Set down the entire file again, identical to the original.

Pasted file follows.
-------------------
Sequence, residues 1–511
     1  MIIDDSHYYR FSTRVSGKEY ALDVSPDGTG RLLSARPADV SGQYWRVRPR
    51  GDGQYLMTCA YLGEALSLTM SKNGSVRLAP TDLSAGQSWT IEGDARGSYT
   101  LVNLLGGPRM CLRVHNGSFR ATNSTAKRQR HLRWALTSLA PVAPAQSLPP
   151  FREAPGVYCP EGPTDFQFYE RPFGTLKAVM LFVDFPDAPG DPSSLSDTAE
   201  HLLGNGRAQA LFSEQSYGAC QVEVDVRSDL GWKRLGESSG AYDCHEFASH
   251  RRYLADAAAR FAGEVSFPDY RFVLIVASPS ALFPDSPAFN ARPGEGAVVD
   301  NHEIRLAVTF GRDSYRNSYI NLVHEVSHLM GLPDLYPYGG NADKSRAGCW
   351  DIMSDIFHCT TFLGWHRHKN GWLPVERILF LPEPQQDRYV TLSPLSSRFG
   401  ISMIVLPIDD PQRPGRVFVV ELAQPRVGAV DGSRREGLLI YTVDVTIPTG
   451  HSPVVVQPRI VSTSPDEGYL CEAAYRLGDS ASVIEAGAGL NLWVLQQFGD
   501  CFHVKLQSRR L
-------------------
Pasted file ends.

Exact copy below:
Sequence, residues 1–511
     1  MIIDDSHYYR FSTRVSGKEY ALDVSPDGTG RLLSARPADV SGQYWRVRPR
    51  GDGQYLMTCA YLGEALSLTM SKNGSVRLAP TDLSAGQSWT IEGDARGSYT
   101  LVNLLGGPRM CLRVHNGSFR ATNSTAKRQR HLRWALTSLA PVAPAQSLPP
   151  FREAPGVYCP EGPTDFQFYE RPFGTLKAVM LFVDFPDAPG DPSSLSDTAE
   201  HLLGNGRAQA LFSEQSYGAC QVEVDVRSDL GWKRLGESSG AYDCHEFASH
   251  RRYLADAAAR FAGEVSFPDY RFVLIVASPS ALFPDSPAFN ARPGEGAVVD
   301  NHEIRLAVTF GRDSYRNSYI NLVHEVSHLM GLPDLYPYGG NADKSRAGCW
   351  DIMSDIFHCT TFLGWHRHKN GWLPVERILF LPEPQQDRYV TLSPLSSRFG
   401  ISMIVLPIDD PQRPGRVFVV ELAQPRVGAV DGSRREGLLI YTVDVTIPTG
   451  HSPVVVQPRI VSTSPDEGYL CEAAYRLGDS ASVIEAGAGL NLWVLQQFGD
   501  CFHVKLQSRR L